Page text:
She, humming: “Got a man, crazy for me, he’s funny that way.” He, blustering: “If I have to live, I’ll [kill to] do it.”
Sam Ross’ He Ran All the Way (Farrar Straus, 1947; Lion books, 1950) is one of the best noir crime novels of the classic period and one which offers the deepest insights about a young man with no apparent prospects to escape poverty, loneliness, and paranoia. The impetuous striking out against such a fate, undertaken to conquer “a sense of doom,” results in a botched robbery. Dalton Trumbo (using Guy Endore as a “front”) wrote the 1951 screenplay.
Publishers of novels of juvenile delinquency defended their product by saying that the criminal was always punished. As critic Robert Warshow said, “the function of mass culture [is] to provide public morale,” especially when “anxiety” is pervasive. Congressional committees and social commentators had a more authoritarian perspective: they blamed media “glorification” of criminals, parental neglect, communist influence, and gangs supported by organized crime. One can imagine how that increased anxiety among citizens in downscale communities (now stigmatized as “blighted”) while providing secure middle-class people and religious and political authorities with exoneration from responsibility.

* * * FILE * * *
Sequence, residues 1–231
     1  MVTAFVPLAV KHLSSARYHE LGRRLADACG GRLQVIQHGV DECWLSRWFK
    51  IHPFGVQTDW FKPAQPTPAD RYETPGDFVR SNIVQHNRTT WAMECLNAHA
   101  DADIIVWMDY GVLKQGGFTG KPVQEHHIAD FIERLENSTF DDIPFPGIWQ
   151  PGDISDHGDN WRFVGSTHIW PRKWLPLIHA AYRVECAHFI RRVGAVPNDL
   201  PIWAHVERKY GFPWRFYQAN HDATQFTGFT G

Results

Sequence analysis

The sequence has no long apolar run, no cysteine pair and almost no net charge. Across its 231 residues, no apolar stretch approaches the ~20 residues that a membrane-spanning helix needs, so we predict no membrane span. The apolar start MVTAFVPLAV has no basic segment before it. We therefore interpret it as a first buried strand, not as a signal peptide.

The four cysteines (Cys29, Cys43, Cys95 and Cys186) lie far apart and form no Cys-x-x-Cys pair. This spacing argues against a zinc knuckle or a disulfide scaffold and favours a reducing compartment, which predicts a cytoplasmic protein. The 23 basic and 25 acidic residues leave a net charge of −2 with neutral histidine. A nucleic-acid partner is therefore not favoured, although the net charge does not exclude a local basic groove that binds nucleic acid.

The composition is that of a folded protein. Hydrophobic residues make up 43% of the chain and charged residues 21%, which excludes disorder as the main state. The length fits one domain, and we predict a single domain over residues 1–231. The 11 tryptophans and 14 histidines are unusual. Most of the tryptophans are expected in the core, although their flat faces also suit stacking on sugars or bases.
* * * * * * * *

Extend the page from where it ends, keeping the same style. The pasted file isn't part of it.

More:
Warshow also said that popular crime fiction can hardly exist without conventions that dramatize the “tragedy” of post-war urban life, both of the lower middle class (here, the Dobbs family) and the tenement underclass (the Robeys). These narratives could hardly avoid spotlighting problems of poverty, divorce, and unemployment, once blurbs like “She took him home . . . and there the young killer turned on her!” got the reader under cover. There, Sam Ross tempts the reader think and feel—authentically—for him/her self. Pulp entertainment worked just fine for that. His book (and the fine film) are about compassion, and what happens to it when the desperation enveloping both victim and criminal takes control.
The “killer” on the lam is Nick Robey, a young man whose mother had to become a prostitute to feed him, once her husband, deathly ill from his industrial job, left the family. Nick grew up alone, thinking the man in his mother’s room might be his father coming back home to help with homework. Always alone, especially when his mother was doing what she could not escape doing, Nick had no one to teach him self-respect. Clueless about the future, he got dragged into the robbery by a foolhardy friend whose boldness he admired. A cop was shot, not by him but by his accomplice. He panicked, shot the accomplice, hoping he would die (he didn’t) so he would not name Nick as the killer—which he did.